Still Liking the XPS 13 Developer Edition January 17, 2014
A few weeks ago, I starting using a Dell XPS 13 Developer Edition as my laptop development machine. I have some thoughts on the machine.
The XPS 13 is as solid as and as well designed as Apple MacBook Pros. The keyboard, trackpad, display, etc. are all very nice. The machine is light and mostly balanced nicely.
Excellent Battery Life
The XPS 13 running Linux has excellent battery life. I routinely get 5-6 hours of work done without recharging. Particularly nice for a Linux box and Linux has historically had worse power management than Windows or OS X.
Runs Linux Perfectly
Not a glitch. The machine sleeps/wakes perfectly every time. The wireless works every time. The volume and display brightness buttons just work.
Haven't Used my Macs Much
I've used my Macs on three occasions since I got the XPS 13. Once because my kids needed to use Microsoft Word to write a school report. Once to configure my AirPort Extreme. And once because I needed to work on a large Scala codebase and needed the speed/memory of my 15" Haswell MBP.
Areas for Improvement
Stuff that needs some attention/improvement:
- A 16GB option. Come on. How hard would it be to have a 16GB memory option? I'd buy a second XPS 13 tomorrow if I could get it with 16GB of RAM.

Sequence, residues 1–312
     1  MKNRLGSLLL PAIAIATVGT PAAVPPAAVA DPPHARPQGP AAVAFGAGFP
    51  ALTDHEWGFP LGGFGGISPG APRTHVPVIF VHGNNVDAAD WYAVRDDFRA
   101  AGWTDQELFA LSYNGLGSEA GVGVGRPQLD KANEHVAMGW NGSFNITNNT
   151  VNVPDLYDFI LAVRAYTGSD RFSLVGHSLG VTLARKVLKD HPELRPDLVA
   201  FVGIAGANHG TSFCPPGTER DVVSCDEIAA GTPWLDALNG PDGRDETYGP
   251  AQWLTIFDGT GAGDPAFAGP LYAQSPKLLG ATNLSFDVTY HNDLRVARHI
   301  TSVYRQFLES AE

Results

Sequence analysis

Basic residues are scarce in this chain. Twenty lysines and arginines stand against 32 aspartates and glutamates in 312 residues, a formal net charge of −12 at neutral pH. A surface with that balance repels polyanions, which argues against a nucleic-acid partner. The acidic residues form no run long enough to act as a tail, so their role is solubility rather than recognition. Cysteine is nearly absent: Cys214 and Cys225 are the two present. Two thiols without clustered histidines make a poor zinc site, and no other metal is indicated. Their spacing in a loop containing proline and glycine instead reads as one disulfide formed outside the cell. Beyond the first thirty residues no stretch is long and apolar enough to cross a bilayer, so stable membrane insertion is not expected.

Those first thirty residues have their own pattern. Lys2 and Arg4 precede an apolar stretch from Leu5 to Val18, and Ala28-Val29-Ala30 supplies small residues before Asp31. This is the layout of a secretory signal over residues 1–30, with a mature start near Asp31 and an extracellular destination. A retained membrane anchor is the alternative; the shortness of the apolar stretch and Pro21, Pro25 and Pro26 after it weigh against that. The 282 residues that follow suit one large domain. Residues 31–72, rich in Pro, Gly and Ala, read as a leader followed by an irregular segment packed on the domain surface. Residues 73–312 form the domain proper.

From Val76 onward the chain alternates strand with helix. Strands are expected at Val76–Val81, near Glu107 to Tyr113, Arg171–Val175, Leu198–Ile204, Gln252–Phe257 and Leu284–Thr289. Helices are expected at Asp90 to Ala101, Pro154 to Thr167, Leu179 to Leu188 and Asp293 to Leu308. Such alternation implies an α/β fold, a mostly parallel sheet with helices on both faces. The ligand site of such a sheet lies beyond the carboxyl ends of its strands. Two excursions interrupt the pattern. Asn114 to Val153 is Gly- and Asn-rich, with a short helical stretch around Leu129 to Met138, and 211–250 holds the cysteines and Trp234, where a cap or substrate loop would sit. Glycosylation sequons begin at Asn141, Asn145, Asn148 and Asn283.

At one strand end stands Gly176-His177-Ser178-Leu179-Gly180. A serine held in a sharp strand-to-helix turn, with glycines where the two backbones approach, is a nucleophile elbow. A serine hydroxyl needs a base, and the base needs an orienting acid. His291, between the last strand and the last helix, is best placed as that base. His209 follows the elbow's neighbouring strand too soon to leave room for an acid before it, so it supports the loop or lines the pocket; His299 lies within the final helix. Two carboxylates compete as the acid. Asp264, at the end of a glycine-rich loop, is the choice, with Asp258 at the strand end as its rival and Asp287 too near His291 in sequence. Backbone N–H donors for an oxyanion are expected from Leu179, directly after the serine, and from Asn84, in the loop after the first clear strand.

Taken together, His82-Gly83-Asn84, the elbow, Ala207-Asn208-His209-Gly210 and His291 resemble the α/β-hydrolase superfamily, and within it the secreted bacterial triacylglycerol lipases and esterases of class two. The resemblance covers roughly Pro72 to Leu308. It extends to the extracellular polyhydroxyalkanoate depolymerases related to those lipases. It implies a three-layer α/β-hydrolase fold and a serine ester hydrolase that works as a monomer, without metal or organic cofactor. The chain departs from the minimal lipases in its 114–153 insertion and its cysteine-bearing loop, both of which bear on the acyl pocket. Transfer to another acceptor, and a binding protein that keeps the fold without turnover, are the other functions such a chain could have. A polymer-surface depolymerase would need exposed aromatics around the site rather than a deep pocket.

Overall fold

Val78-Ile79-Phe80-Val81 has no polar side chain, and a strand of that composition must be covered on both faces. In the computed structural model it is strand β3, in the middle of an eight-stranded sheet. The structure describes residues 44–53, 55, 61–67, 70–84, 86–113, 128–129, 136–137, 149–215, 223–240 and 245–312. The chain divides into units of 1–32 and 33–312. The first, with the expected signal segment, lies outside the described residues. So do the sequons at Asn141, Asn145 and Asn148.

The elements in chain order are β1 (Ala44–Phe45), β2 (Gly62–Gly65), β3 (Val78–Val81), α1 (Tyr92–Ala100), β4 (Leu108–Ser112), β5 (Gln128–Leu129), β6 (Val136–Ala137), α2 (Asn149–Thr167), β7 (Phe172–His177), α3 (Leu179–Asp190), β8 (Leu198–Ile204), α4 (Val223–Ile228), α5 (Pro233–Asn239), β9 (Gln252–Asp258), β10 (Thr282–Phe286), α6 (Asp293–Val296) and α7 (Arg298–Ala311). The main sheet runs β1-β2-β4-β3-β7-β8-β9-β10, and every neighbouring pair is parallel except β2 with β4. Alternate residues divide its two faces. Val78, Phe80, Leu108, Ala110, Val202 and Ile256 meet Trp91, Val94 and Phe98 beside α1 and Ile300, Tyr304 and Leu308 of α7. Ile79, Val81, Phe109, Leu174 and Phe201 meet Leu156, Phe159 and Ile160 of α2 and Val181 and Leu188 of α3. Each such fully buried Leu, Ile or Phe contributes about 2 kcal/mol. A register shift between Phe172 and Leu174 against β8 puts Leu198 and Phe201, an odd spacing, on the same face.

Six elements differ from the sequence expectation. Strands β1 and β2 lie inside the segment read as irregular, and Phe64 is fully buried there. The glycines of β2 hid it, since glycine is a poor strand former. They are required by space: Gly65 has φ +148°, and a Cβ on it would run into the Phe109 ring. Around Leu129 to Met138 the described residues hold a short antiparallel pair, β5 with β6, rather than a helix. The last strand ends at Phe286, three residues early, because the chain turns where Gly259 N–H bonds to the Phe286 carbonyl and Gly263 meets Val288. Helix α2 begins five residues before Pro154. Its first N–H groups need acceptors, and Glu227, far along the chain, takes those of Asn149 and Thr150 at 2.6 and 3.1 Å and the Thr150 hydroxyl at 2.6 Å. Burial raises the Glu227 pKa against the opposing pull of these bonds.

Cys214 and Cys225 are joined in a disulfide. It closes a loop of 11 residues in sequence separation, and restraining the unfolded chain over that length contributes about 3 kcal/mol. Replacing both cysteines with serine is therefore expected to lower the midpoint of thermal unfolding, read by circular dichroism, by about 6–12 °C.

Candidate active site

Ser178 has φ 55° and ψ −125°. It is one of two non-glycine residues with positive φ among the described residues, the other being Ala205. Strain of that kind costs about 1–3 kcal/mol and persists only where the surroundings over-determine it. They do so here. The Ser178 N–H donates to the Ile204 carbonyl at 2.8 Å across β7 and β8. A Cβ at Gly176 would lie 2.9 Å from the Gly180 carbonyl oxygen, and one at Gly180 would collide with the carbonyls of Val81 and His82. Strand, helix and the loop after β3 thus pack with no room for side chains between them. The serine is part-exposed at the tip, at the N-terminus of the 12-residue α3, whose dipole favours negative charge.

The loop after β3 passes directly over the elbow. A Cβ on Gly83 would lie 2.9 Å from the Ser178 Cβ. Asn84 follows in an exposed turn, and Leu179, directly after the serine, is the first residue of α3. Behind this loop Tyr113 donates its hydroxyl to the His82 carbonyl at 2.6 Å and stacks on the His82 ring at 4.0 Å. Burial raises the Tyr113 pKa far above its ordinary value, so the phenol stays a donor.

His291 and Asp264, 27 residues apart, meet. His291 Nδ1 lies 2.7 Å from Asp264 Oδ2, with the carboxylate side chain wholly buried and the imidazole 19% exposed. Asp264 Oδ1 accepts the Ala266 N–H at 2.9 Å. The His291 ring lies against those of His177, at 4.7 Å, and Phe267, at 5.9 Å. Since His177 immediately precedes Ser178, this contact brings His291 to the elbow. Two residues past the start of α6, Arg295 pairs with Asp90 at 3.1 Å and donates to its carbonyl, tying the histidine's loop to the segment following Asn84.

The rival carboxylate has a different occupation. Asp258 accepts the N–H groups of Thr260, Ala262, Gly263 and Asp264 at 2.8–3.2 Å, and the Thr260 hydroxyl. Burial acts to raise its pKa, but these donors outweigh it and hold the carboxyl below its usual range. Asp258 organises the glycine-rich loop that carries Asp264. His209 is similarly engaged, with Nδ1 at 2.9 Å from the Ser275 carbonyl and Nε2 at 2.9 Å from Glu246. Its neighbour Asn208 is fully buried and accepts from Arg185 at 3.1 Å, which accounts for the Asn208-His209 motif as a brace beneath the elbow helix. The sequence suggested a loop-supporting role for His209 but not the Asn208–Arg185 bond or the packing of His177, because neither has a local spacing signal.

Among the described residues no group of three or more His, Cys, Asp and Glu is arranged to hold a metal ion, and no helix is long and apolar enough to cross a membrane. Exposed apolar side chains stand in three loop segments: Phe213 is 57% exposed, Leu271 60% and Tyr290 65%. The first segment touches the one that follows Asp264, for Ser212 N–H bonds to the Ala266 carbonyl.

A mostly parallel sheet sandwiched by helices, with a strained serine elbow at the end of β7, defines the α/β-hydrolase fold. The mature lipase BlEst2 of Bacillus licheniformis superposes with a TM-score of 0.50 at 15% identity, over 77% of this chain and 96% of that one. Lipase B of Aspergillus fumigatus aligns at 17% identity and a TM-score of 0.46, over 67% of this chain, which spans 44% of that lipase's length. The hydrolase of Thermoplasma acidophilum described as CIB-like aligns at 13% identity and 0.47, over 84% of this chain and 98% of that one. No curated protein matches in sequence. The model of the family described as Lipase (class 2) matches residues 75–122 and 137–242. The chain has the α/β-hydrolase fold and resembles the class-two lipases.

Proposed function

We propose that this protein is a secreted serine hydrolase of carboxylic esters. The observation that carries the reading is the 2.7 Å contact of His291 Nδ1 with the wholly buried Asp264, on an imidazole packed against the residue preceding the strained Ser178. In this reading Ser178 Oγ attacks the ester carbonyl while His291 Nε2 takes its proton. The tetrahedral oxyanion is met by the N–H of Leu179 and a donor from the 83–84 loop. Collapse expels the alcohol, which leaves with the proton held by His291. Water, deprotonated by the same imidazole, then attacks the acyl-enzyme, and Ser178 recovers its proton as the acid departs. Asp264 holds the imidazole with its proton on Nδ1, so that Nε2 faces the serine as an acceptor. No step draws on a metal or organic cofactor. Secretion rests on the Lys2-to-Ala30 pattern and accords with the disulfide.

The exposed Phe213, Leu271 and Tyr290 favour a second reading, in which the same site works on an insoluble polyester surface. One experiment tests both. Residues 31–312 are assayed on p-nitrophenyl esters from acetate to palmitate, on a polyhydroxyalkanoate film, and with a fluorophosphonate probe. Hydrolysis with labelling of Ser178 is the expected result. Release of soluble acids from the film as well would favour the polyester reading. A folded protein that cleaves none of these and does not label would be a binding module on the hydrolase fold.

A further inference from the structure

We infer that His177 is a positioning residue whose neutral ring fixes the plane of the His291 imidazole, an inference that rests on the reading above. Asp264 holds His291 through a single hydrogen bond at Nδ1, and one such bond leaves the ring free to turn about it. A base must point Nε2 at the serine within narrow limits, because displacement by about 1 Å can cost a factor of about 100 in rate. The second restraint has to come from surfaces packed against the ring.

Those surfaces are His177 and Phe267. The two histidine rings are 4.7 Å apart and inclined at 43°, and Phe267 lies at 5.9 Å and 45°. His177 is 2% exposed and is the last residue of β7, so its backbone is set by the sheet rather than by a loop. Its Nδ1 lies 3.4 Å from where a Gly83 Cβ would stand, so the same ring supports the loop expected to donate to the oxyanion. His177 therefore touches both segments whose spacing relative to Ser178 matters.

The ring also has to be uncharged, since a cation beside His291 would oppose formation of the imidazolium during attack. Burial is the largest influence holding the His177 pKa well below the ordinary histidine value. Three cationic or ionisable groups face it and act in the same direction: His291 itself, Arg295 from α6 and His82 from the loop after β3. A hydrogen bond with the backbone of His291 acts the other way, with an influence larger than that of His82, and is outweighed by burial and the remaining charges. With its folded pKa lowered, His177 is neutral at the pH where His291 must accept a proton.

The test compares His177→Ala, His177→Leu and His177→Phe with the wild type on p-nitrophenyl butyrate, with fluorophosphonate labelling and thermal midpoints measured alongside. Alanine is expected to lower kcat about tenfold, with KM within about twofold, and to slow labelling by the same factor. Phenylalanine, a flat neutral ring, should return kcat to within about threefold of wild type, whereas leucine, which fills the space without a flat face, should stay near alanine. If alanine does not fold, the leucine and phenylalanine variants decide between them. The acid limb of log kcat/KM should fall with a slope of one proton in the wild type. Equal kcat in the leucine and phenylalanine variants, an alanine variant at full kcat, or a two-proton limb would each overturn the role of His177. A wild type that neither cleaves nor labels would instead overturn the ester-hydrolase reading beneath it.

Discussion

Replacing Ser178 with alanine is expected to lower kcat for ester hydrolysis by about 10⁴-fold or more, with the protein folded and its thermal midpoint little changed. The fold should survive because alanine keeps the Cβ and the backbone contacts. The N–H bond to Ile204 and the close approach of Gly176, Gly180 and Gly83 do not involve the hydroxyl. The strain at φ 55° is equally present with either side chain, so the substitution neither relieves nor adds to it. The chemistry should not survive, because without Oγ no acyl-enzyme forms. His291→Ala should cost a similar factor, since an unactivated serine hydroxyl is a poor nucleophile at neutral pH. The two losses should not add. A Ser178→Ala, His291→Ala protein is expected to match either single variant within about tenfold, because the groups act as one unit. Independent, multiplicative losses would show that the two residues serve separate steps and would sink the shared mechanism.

- Supporting more than the LTS versions of Linux. It'd be nice if I didn't have to run a 2 year old version of Linux... that Dell would officially support more versions of Linux.
- Better support for disabling the trackpad when typing. Sometimes the cursor goes wonky because my palm taps the trackpad. There's a community fix for this, but I don't have the hour to track down all the pieces.
- Ability to disable the touchscreen... it's annoying to have to remember to sleep the machine before cleaning the display.
As you can see, the above areas for improvement are someplace between trivial and flat-out whining on my part.
I still strongly recommend buying a Dell XPS Developer Edition. It's a very, very sweet development machine and it's a light, solid piece of hardware.